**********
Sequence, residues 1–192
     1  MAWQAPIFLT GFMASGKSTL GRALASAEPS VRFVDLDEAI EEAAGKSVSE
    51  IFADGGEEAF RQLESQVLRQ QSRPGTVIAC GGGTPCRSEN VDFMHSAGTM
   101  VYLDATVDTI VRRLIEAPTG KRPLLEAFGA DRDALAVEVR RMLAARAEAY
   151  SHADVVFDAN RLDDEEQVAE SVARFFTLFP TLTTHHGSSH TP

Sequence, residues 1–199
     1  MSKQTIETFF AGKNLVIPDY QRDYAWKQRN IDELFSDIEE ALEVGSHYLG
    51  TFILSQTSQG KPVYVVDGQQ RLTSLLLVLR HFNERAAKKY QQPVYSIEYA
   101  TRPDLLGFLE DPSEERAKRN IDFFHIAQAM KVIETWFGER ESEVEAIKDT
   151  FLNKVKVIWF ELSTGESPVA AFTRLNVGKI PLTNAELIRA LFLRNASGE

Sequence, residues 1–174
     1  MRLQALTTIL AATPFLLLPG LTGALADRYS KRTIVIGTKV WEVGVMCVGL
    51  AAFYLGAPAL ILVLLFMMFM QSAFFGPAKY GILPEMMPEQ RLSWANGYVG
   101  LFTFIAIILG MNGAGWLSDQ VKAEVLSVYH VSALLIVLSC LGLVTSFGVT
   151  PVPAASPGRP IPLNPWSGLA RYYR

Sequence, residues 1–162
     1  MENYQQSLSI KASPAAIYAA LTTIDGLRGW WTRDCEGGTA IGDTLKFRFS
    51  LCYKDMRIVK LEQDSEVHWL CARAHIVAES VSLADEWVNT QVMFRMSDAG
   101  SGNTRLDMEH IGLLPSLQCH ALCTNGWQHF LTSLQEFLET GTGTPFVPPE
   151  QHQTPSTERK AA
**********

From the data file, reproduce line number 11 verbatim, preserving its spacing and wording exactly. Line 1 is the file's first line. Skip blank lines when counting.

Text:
Sequence, residues 1–174